Her co-principal investigators are pollination ecologist Neal Williams, associate professor in the department, and Lynn Kimsey, director of the Bohart Museum of Entomology and UC Davis professor of entomology. They will collaborate with native pollinator specialist Robbin Thorp, distinguished emeritus professor of entomology at UC Davis and a Bohart Museum associate; research associate Thomas Zavortink of the Bohart Museum; Terry Griswold of the U.S. Department of Agriculture's Agricultural Research Service Bee Biology Lab; and John Ascher of the National University of Singapore.
Saul-Gershenz is known for her bee-parasite research on solitary ground-nesting bees in the genus Habropoda and its nest parasite, a blister beetle, Meloe franciscanus. The larvae of the parasitic blister beetle produce a chemical signal that mimics the sex pheromone of female solitary bee to lure males to the larval aggregation. The larvae attach to the male bee and then transfer to the female during mating. The end result: a larva winds up in the nest of a female bee, where it eats the nest provisions and likely the host egg.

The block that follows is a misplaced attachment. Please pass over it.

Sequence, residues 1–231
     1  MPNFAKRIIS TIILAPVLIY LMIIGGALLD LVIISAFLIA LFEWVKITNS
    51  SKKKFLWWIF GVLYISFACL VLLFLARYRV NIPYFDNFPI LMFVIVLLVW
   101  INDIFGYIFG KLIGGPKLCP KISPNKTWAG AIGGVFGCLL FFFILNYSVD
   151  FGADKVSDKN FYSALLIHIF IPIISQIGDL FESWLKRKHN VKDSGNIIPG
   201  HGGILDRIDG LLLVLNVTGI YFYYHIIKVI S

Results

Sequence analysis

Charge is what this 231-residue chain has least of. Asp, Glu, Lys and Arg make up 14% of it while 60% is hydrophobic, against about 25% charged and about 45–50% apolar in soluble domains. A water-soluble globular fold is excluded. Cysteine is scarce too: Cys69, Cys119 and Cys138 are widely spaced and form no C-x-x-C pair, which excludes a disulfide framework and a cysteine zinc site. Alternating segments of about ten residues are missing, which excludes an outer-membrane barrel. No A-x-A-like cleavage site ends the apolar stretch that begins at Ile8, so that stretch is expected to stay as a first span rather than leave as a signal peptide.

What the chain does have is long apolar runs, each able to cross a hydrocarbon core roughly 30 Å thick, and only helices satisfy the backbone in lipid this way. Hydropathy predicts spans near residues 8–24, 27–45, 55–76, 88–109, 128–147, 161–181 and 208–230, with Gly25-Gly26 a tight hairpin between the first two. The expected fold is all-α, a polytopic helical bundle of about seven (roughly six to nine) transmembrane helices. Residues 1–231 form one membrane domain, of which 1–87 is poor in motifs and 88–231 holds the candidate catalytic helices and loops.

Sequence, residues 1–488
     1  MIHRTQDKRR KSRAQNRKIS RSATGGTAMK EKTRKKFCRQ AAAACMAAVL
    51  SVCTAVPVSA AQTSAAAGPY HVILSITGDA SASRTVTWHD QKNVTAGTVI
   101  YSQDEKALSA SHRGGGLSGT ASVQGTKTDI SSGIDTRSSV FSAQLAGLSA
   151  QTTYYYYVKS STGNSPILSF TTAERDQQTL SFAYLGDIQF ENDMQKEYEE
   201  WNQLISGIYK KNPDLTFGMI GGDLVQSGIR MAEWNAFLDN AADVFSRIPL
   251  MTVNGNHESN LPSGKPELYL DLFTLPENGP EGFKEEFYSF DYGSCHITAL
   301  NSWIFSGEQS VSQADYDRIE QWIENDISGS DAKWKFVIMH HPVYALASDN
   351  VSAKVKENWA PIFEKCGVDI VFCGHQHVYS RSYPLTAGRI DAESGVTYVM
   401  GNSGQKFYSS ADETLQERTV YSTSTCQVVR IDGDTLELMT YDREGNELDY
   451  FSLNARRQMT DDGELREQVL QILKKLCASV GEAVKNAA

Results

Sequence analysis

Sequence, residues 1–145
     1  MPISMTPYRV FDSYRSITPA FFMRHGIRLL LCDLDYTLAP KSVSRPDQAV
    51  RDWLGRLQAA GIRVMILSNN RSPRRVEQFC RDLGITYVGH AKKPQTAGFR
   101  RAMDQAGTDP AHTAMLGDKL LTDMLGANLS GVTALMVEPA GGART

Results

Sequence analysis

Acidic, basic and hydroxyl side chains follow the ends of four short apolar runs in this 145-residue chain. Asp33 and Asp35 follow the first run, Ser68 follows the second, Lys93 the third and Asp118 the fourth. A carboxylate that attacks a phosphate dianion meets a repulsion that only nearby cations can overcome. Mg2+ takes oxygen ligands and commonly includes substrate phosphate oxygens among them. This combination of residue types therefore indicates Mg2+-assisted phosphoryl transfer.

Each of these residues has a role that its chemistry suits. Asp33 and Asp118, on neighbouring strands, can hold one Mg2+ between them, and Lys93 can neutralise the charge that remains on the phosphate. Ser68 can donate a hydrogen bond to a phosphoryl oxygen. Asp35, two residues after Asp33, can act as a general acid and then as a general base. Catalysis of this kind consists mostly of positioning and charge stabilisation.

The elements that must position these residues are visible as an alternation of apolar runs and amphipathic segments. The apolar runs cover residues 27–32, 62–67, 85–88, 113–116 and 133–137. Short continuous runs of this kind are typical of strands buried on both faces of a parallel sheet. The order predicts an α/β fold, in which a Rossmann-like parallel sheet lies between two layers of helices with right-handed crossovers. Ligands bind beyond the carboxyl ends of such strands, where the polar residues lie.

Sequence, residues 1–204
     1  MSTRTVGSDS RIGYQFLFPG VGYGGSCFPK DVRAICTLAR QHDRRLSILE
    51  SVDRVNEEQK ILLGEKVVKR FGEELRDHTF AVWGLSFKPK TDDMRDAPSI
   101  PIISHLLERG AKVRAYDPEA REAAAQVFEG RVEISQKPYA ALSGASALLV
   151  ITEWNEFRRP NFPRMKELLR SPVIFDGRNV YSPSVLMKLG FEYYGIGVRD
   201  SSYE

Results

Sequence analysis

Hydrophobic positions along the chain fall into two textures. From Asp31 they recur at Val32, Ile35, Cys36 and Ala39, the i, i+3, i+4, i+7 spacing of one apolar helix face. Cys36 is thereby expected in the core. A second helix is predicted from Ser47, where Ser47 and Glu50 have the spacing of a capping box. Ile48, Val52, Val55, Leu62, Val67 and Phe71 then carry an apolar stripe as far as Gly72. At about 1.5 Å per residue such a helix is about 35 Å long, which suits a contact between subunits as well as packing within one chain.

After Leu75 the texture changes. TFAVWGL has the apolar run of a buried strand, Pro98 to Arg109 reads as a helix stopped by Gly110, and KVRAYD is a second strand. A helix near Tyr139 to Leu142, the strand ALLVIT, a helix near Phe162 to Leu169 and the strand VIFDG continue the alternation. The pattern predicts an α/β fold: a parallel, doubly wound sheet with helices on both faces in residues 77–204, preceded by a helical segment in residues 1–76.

The Mojave and Sonoran Deserts are biological hot spots of biodiversity supporting more than 689 species of bees and 1512 species of plants in the Mojave Desert alone, Saul-Gershenz said.
The grant cites several publications:
Baldwin, B. 2015. Personal Communication. U. C. Berkeley, Jepson Herbarium. Number of species of plants in the Mojave Desert.
Griswold, T., Higbee, S. and Messinger. O. (2006). Pollination Ecology Final Report for Biennium 2003, Clark County, Nevada (2004-2005). Logan, Utah, USDA-ARS Bee Biology
Zavortink, T. and Kimsey, L. “Bees (Hymenoptera, Apoidea) of the Imperial Sand Dunes Recreation Area, Imperial County, California.” In preparation.